If you have seen this song sequence from Parineeta, I need not explain to you, the breezy feeling that it brings to the mind. The protagonist daydreams about his ladylove while a bunch of chubby children sing in delight as the train chugs up and down the terrain through breathtaking scenery.
This vision of the Darjeeling Toy Train (formally known as the Darjeeling Himalayan Railway) had stayed for more than a decade now, surpassing even the iconic ‘Mere Sapno ki Rani’; and a dream to travel on that train someday. While making plans for Darjeeling, this was one of the most important To-Dos to be checked on this trip.
Commissioned by Eastern Bengal Railway Company between 1879 and 1881, the Darjeeling Himalayan Railway (DHR) is a 78 KM long narrow gauge railway from Siliguri to Darjeeling. At first, it was thought of as a steam powered tramway along a horse cart road going up to the Darjeeling market with the Darjeeling Steam Tramway Company coming into existence in 1881. Tracks were laid along and it took good amount of innovation to make sure that the difficult terrain was made navigable.
On 4th July 1881, the first steam engine rolled proudly in Darjeeling, marking the completion of one the greatest engineering marvels of its time. The private ownership of DHR, and a lot of its colonial glory, ended with Independence when it was acquired by the Government of India and became a part of the Northeast Frontier Railway (NFR). It was conferred a UNESCO World Heritage Status in 1999.
Today, the DHR owes its existence to the vision of one man – Franklin Prestage, the founder of DHR who believed that such a feat was possible; and had the perseverance to bring the idea to reality.
At the time of our visit, the train route from Siliguri to Darjeeling was under maintenance so we had chosen to take a cab. However, this did not mean that one would miss a chance to experience the joys of the toy train. DHR runs sightseeing trips specially meant as Joyrides for the tourists, starting from Darjeeling, going until Ghum and then back. It is a 14 km journey and takes about 2 hours to negotiate.
The DHR trains are of two categories – ones with the traditional steam engines and the newer, and faster, Diesel engines. There are 18 trips scheduled through the day, starting from 7:40 am in the morning until the last one that leave at 4:20 pm [Schedule]. Tickets can be booked at the booking counter, or online at the IRCTC website, you have to choose DJRZ as both source and destination. The ticket prices for the Steam engine driven trains are higher. Since we wanted to have an authentic feel, we opted for a steam train in the morning.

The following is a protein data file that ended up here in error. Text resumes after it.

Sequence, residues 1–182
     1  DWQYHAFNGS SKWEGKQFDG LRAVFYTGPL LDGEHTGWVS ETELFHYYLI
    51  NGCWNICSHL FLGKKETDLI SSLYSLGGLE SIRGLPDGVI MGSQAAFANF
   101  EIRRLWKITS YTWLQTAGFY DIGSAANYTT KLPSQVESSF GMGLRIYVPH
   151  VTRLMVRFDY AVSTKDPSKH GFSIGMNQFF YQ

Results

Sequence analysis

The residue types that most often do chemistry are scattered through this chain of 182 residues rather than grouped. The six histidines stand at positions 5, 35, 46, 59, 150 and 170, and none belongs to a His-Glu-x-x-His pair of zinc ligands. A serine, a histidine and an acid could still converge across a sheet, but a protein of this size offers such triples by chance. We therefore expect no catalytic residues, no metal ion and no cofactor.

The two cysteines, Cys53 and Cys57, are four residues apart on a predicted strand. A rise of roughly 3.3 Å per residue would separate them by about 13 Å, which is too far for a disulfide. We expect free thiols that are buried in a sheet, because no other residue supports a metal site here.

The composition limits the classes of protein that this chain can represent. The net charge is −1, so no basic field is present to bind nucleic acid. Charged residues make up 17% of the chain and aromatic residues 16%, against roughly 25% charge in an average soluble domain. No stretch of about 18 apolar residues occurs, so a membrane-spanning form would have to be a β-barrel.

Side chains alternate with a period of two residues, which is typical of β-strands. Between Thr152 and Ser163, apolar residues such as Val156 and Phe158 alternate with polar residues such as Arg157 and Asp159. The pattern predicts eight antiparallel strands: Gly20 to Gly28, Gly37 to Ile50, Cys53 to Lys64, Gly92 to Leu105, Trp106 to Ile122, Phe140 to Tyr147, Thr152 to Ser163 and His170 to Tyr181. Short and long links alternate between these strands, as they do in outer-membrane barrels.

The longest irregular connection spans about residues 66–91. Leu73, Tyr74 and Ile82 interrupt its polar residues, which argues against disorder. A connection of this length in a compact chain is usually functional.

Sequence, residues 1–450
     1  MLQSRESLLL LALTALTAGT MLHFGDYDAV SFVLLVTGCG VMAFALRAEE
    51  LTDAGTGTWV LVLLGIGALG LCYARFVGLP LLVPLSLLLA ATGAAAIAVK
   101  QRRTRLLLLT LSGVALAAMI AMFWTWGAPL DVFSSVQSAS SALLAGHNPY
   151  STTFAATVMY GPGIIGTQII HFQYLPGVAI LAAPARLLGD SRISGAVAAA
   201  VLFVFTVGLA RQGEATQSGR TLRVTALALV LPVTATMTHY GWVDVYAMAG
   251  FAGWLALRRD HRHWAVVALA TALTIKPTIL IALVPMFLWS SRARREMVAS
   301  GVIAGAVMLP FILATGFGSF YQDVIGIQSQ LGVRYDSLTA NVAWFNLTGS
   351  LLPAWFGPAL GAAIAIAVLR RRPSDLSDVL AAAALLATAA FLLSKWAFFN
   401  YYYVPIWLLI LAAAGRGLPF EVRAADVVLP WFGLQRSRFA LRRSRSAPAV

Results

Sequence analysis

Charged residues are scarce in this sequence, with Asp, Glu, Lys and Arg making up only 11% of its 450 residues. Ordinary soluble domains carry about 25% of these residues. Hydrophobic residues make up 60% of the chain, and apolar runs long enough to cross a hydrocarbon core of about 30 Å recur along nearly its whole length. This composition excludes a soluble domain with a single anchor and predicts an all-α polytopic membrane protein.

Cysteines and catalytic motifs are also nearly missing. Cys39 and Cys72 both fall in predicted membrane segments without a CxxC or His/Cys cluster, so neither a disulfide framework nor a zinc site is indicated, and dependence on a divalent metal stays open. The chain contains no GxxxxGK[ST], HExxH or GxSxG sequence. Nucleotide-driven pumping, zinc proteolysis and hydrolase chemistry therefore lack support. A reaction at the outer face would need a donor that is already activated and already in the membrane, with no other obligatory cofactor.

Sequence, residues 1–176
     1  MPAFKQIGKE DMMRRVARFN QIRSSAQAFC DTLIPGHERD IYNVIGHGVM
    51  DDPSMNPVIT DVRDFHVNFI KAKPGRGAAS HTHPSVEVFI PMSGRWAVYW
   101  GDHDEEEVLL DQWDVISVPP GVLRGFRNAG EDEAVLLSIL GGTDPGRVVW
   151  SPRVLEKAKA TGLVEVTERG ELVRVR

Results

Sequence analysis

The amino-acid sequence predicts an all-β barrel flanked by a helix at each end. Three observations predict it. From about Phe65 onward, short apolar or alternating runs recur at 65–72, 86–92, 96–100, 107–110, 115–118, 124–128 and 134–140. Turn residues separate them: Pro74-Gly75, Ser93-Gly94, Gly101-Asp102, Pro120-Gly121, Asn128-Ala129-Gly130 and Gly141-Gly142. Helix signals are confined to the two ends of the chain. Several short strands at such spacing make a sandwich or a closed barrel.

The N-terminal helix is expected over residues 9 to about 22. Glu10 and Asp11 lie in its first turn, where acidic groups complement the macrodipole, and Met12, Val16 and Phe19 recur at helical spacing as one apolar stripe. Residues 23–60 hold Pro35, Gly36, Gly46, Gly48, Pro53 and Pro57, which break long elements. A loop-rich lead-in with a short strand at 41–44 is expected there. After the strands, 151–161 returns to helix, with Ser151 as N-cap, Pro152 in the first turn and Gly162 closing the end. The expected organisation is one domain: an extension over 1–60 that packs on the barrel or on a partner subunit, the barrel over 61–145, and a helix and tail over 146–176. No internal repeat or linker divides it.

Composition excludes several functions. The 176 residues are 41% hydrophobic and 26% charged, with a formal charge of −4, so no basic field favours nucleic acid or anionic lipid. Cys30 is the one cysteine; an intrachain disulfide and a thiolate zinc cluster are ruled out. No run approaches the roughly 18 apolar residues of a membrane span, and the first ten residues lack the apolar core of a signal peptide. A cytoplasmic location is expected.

Sometime before 9:20 AM, the primed up steam engine drove down from the yard and attached to our train, surrounded by a sizeable crowd of onlookers – mostly tourists. A woman attendant motioned us to get inside our compartment, and with a loud ‘chug, chug, chug’, our joy ride started.
A tip if you are travelling on the toy-train – try to occupy a seat on the right side, otherwise you may be missing many beautiful scene of the morning. We were sitting on the left side and as long as the train was within the municipal limits, there was not much to see except walls and ill designed homes. The real fun started once we got out of the town and started towards Ghum.
Batasia Loop is a significant point during the joy ride and was borne out of an engineering necessity to enable the trains to negotiate steep gradient. It enables the train to come up/ and down a height of about 140 feet by going in a large spiral loop.
It is a beautiful place, providing a 360 degree view of beautifully laid out gardens, a war memorial and the snow clad mountains at a distance. The train stops here for a few minutes to catch its breath and let the tourists soak in the beauty of the surroundings. Even when it is running, you can climb down and walk along the train (sometimes faster than the train) as it navigates it way through the loop.
We got down the train when it stopped at the loop to take photographs and enjoy the scenery and walked in the garden. The memorial was built in 1995 to remember the sacrifice of the Gurkha soldiers who sacrificed their lives defending India in various wars since independence.
Ghum is the highest railway station in the world, standing at 7400 feet, and just being there is an achievement in itself. Apart from this distinction, we found it to be much beautiful that the Darjeeling railway station (which was rebuilt, quite unimaginatively during the Socialist era), and still exudes a colonial charm.
Right next to the Ghum Railway station is the DHR Musuem. One has to cross the tracks and enter through a gate which holds a collection of old steam engines, including DHR’s oldest engine Baby Sivak (1881 vintage), and then go up the stairs to the museum, which is actually over the railway station itself. The museum has a nice collection of artifacts of the DHR and some rare photographs.
One problem that we faced with the steam engine was the loud noise that it makes, even more than the smoke and coal particles flying in the air. Once the engine was not able to climb up an incline and was rammed-pushed by another train (diesel) from behind. However, the overall feel is so lovely that on any given day, we will choose the steam engine if we have to.
The return journey was uneventful, though we got a chance to sit on the other side and take photographs. We were back to Darjeeling by 12:00 noon, ready for another walk to the mall.